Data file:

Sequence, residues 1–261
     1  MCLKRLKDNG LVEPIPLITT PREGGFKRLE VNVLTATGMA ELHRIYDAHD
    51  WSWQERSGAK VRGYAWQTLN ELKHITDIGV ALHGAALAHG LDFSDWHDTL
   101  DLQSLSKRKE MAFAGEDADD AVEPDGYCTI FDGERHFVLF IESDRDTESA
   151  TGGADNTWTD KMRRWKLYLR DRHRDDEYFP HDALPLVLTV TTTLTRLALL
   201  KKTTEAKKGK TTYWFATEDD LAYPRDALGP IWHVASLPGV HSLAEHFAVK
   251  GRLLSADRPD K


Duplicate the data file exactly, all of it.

Sequence, residues 1–261
     1  MCLKRLKDNG LVEPIPLITT PREGGFKRLE VNVLTATGMA ELHRIYDAHD
    51  WSWQERSGAK VRGYAWQTLN ELKHITDIGV ALHGAALAHG LDFSDWHDTL
   101  DLQSLSKRKE MAFAGEDADD AVEPDGYCTI FDGERHFVLF IESDRDTESA
   151  TGGADNTWTD KMRRWKLYLR DRHRDDEYFP HDALPLVLTV TTTLTRLALL
   201  KKTTEAKKGK TTYWFATEDD LAYPRDALGP IWHVASLPGV HSLAEHFAVK
   251  GRLLSADRPD K